The Slice: Making mountains out of molehills
As you know, large portions of the United States are pancake flat.
In those parts of America, you can stand in a field and see a storm coming from three counties over.
In other vast swaths of U.S. countryside, the highest elevations are found atop low, rolling hills.
Sometimes people who live in such places wind up moving to the Spokane area. Upon surveying their new surroundings, these individuals determine that we have mountains here.
And that’s where it gets complicated.
Yes, it’s certainly true that there are mountains hereabouts. Quite a few, actually. They just aren’t particularly tall or breathtakingly jagged, as is the case elsewhere in the Northwest.
That inevitable comparison looms over any discussion of our area’s modest peaks.
Now I am not saying that those who live within view of, say, the Cascades, Olympics or Sawtooths are bad people. They aren’t. Many are hard workers, nurturing parents and responsible pet owners.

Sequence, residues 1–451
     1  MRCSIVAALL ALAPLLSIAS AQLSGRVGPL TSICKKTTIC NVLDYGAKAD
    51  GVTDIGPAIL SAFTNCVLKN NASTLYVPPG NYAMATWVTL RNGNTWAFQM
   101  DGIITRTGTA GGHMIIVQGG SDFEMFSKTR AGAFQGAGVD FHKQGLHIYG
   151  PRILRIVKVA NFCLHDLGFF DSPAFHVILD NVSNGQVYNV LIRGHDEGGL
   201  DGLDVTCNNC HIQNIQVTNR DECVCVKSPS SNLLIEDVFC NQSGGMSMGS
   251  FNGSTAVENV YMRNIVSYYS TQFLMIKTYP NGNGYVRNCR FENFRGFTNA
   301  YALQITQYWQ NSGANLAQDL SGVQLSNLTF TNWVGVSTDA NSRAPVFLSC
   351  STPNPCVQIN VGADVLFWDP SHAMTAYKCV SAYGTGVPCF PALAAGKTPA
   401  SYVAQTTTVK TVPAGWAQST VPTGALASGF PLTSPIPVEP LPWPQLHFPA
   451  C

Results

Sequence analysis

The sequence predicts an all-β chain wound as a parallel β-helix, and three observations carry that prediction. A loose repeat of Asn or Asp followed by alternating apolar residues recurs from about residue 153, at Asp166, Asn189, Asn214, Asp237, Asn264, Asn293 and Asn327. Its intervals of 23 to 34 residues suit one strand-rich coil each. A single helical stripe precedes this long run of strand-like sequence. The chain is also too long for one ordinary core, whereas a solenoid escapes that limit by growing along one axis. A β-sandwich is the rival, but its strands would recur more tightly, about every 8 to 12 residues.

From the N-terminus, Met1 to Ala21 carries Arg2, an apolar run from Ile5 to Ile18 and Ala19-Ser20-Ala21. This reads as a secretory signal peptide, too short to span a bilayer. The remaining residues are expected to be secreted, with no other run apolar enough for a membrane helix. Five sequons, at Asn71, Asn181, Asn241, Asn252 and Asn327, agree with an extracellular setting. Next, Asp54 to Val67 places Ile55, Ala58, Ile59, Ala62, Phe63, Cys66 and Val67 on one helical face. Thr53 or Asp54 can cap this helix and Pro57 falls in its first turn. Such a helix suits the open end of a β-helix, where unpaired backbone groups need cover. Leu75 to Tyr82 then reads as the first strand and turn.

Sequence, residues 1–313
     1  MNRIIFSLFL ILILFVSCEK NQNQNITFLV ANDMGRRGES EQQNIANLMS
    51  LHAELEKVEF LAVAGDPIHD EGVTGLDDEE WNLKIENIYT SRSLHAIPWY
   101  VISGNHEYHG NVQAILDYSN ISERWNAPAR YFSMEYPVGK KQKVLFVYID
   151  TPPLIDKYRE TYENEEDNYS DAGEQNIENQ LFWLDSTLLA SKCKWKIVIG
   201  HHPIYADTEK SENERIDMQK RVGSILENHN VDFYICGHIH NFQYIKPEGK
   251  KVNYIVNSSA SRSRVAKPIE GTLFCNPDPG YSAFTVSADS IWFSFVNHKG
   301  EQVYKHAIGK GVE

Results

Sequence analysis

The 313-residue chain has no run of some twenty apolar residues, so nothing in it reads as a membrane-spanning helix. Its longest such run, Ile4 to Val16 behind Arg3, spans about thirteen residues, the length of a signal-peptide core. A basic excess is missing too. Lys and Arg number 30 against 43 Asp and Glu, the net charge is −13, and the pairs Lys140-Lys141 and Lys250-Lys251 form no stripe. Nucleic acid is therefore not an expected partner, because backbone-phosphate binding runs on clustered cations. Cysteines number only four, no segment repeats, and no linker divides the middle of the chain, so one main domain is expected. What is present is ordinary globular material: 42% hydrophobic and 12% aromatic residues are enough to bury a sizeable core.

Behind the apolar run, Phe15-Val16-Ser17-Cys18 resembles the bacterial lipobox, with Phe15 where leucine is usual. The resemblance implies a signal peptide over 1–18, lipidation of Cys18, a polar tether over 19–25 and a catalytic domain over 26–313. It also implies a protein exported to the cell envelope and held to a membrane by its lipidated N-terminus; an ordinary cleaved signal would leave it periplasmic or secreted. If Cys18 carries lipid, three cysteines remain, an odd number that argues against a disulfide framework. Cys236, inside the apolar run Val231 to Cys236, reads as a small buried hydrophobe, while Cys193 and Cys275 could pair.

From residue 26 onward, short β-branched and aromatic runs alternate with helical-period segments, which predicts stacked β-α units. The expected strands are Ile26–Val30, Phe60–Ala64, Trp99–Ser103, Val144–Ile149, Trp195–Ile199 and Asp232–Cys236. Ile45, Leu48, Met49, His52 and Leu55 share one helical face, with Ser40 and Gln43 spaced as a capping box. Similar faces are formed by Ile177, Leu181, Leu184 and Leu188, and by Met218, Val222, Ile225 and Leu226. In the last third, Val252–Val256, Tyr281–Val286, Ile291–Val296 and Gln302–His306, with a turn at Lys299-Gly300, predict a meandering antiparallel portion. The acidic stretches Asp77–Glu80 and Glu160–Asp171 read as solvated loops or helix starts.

But a few are unapologetic mountain snobs.
And when they are here visiting our stomping grounds, they have been known to utter a certain assessment of our topography: “Mountains? You call those mountains?”
Such putdowns can have a chilling, intimidating effect on local people’s mountain pride.
Sure, you can dismiss such critiques as the charm-deficient spoutings of insecure blowhards. Still, you might well find yourself subsequently tacking on a qualifier when mentioning our mountains.
“Well, they’re nice for hiking and skiing but I admit none of them is really license plate material.”
There’s another mountain/image complication that I haven’t even mentioned.
Some people move to the Spokane area from high-topped Colorado, Wyoming and Utah.
But let’s deal with that another day.
Today’s Slice question: In your circle of acquaintances, phoning someone at home often means hearing which background sound?
A) Crying baby. B) Barking dog. C) TV with volume turned up to freight-train loudness. D) Music playing. E) Power tools in use. F) A toddler going nuts with what sounds like a cowbell. G) Yodeling. H) Other.
Write The Slice at P.O. Box 2160, Spokane, WA 99210; call (509) 459-5470; email email@example.com. Ever tried making your own yogurt?